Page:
Ethics Opinion No. 33
Adopted June 24, 1932
The Board of Governors is in receipt of the following request for an opinion:
“A brings a suit against a school district to recover for some property which he has sold to the school district. There was no appropriation made and this purchase was illegal. A lawyer whom we will call § is hired to represent the school district, and he files a general denial, but does not plead the lack of appropriation or the invalidity of the contract. A judgment is rendered against the school district. Then, the taxpayers file a motion to vacate the judgment and S, the lawyer who formerly represented the school district, appears representing the plaintiff and opposing the motion to vacate the judgment. Then, certain citizens bringing a suit against A in which they sought a recovery of this money and the penalty provided for under the Statute and § appears in that case representing the plaintiff in the first suit. Then, later when a levy is attempted to be made to pay the judgment, the taxpayers protest the levy and § appears in opposition to this protest and represents the judgment holder.
Is this conduct permissible, and can a lawyer appear in this capacity without violating his oath of office and his obligation as a lawyer?”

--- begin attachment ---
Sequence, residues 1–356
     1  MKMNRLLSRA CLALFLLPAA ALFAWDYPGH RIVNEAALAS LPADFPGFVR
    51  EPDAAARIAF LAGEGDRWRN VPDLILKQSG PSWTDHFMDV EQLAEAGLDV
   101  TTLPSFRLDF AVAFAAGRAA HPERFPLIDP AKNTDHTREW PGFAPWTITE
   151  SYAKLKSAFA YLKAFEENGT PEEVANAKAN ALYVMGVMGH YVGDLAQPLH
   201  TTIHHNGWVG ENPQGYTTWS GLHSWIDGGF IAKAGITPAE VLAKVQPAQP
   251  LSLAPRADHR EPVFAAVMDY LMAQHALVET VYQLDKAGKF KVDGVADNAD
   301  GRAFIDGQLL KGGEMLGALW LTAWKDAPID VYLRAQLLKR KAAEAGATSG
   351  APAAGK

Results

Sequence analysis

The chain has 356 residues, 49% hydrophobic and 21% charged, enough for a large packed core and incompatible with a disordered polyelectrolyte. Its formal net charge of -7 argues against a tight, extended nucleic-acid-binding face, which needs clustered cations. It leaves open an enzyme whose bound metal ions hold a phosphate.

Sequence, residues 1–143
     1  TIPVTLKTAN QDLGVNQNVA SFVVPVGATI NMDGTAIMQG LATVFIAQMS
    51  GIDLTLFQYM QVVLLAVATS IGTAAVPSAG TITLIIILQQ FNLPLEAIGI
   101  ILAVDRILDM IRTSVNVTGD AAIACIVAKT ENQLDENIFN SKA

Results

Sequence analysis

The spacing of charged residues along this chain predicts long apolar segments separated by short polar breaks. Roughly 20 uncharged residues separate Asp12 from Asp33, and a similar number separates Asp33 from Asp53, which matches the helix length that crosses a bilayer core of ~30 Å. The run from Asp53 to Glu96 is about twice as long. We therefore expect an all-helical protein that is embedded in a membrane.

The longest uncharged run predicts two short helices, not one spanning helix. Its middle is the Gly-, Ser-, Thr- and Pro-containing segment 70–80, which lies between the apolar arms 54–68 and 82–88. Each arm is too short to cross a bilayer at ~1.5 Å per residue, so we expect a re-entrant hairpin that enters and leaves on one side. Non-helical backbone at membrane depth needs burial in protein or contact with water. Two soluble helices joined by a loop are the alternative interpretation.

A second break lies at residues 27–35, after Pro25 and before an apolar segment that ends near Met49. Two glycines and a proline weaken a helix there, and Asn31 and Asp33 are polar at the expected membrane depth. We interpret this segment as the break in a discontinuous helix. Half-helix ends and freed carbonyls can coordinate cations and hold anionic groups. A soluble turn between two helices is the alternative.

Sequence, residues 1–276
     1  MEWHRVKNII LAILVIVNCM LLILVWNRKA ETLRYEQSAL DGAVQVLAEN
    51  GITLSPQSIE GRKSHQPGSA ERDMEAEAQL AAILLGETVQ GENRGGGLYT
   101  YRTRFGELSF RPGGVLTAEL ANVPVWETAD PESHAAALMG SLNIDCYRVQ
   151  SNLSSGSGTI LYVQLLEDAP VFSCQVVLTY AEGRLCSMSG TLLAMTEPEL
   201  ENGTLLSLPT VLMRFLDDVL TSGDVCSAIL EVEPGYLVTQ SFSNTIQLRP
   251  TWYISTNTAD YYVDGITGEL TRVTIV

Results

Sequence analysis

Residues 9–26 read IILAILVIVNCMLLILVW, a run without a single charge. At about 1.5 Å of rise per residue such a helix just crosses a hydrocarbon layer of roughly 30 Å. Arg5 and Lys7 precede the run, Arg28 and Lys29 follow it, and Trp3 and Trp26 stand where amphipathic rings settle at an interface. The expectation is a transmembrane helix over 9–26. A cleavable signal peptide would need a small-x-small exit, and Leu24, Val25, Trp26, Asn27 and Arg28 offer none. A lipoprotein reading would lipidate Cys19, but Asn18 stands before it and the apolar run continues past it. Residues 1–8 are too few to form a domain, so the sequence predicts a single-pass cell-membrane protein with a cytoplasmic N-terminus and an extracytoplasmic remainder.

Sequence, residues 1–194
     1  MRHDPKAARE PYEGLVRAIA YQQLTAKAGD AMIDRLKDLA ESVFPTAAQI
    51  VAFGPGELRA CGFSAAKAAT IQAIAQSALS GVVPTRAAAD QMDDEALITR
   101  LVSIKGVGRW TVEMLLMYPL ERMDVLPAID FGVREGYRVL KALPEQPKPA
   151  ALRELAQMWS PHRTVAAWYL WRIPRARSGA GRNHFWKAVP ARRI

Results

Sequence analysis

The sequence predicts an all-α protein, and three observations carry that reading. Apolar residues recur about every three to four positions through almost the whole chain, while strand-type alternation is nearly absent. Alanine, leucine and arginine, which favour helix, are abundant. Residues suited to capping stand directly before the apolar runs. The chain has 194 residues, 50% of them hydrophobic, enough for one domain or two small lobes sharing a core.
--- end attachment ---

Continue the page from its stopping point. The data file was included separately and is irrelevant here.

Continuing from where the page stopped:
If S, the lawyer, was a party to a plan or scheme to evade the provisions of Section 8638, C.O.S.1921, 62 Okl. St. Ann. § 479, he was guilty of a violation of his oath of office, and of Rules 17, 31 and 34 of the Rules of Professional Conduct promulgated by the State Bar and approved by the Supreme Court.
The oath provides that a member of the bar “shall support, protect, and defend the Constitution of the State of Oklahoma,” and that he “shall not knowingly promote any unlawful suit, or give aid or consent to the same.”
Rule 17 provides:
“But it is steadfastly to be borne in mind that the great trust of the lawyer is to be performed within and not without the bounds of the law. The office of attorney does not permit, much less does it demand of him for any client, violation of law or any manner of fraud or chicane. He must obey his own conscience and not that of his client.”
Rule 31 provides that a member of the bar “should strive at all times to uphold the honor and to maintain the dignity of the profession and to improve not only the law but the administration of justice.”
Rule 34, among other things, provides, that a member of the bar “must also observe, and advise his client to observe, the law.”
Rule 8 of the Rules of Professional Conduct is as follows:
“It is unprofessional to represent conflicting interests, except by express consent of all concerned after a full disclosure of the facts. Within the meaning of this canon, a lawyer represents conflicting interests when, in behalf of one client, it is his duty to contend for that which duty to another client requires him to oppose.
The obligation to represent the client with undivided fidelity and not to divulge his secrets or confidences forbids also the subsequent acceptance of retainers or employment from others in matters adversely affecting any interest of the client with respect to which confidence has been reposed.”
S, the lawyer, in resisting the vacation of judgment, by representing the plaintiff in that proceeding, violated the provisions of Rule 8.